- When capital costs exceed projections (and contract amounts) there will be the
- (1) An upward adjustment of the project cost, with the issuance of
additional debt. It is reasonable to believe that a 50 percent to 100
percent increase could occur). There would be political pressure to
increase the federal credit guarantees.
- (2) No adjustment of project cost. This would place the developer in an
untenable position. Once the developer became financially incapable
of continuing construction, it is likely that the limited liability
company would file bankruptcy. This would leave the state with a
partially completed project, and bond default would occur. Political
pressure would probably require the state to seek a new developer,
at a higher cost, and there would be political pressure for further
federal credit guarantees.
- Perhaps the worst case --- and a highly improbably case --- is that the project
would be completed within budget, and simply fail to attract the fare revenue
projected. It is suggested here that the current lower air fare structure is prima
facie evidence that the projected rail fares cannot be sustained, and that to obtain
sufficient ridership to meet projections would require a substantial operating
subsidy. In this case, revenues would be insufficient to service debt, and the federal
credit guarantees would be invoked. There could also be political pressure to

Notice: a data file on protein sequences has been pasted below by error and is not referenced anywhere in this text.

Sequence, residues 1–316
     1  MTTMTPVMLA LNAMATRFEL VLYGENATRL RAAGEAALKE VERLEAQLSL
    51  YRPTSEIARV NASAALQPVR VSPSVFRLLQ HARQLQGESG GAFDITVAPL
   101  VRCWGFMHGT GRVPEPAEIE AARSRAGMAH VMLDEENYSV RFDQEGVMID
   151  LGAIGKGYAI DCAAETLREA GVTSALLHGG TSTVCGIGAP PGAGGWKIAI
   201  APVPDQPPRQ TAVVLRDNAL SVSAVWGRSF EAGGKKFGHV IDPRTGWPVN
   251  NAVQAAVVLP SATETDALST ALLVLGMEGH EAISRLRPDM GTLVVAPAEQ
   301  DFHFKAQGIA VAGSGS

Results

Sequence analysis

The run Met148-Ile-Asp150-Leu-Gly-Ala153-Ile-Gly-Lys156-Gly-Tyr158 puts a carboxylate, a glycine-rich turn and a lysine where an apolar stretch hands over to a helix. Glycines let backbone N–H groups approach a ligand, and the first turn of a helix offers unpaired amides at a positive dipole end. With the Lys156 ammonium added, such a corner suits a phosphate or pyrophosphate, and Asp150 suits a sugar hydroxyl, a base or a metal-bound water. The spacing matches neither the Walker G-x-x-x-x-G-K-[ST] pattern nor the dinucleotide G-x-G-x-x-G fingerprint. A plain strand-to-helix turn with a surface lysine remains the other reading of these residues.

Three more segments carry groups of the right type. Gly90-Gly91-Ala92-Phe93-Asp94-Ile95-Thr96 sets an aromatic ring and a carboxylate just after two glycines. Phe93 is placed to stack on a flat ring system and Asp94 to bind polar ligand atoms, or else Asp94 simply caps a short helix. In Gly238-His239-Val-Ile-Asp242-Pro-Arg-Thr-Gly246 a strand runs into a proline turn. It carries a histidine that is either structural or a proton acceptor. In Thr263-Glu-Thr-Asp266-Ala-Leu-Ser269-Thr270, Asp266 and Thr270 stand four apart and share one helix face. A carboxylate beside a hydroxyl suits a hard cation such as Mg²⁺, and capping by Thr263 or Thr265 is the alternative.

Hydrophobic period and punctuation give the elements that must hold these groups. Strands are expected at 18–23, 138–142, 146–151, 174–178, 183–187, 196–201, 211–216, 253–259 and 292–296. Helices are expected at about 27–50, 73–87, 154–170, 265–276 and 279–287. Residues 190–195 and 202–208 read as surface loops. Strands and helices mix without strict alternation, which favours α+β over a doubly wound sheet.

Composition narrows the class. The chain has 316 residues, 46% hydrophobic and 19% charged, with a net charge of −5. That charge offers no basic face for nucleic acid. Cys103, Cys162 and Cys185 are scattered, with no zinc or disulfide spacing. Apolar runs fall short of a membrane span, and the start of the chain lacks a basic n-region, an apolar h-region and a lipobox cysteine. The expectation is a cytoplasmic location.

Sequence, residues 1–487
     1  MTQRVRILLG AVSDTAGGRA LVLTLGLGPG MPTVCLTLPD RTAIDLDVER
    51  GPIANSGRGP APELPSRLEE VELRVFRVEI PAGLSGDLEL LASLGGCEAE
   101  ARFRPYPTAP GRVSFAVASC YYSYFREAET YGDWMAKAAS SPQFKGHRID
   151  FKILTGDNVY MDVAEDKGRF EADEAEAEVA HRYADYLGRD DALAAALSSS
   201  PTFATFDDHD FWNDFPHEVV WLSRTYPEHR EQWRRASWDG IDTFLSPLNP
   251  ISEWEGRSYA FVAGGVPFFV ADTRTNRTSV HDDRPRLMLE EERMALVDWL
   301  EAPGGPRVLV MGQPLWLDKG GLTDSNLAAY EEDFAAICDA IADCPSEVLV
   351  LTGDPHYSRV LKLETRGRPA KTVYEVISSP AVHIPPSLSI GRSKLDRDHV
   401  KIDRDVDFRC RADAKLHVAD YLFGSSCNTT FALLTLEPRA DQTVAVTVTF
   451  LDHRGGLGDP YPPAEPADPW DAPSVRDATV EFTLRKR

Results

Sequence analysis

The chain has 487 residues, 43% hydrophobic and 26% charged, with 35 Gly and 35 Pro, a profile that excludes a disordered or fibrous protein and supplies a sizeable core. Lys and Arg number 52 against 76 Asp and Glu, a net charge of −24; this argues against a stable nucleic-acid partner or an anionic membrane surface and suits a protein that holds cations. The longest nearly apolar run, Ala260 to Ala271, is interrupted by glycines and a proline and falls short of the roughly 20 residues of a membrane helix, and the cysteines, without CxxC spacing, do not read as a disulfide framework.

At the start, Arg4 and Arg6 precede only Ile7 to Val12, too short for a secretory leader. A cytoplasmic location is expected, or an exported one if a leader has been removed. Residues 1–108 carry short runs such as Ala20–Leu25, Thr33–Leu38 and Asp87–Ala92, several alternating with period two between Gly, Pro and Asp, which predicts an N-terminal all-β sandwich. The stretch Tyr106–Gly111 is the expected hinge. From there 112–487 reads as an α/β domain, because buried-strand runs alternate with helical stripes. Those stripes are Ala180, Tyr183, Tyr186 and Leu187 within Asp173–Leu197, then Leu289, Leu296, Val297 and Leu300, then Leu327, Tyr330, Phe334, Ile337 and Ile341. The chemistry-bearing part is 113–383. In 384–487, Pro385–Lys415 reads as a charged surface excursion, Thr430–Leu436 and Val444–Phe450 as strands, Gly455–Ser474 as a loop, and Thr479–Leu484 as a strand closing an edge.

provide federal operating assistance for high speed rail operations (following the
transit history of starting with capital subsidies, and then adding operating
The Broader Risk
But the Florida project is just the "tip of the iceberg" as regards the potential federal liability.
Federal programs are necessarily national programs that generally attempt to treat all states
equitably, or at least similarly. There will be political pressure to expand TIFIA to provide similar
levels of credit enhancements in virtually all other states. The very availability of the credit
guarantees will generate any number of projects that are commercially infeasible (though
consultant reports will routinely find them to be feasible before the fact).
TIFIA is likely, therefore, to become a costly federal program. The federal credit guarantees
would require that project costs be covered by user fees and dedicated sources of revenue.
However, projections of user fees have been notoriously flawed. Projections of project costs have
been similarly flawed. The "user fees and dedicates sources of revenue" are likely to provide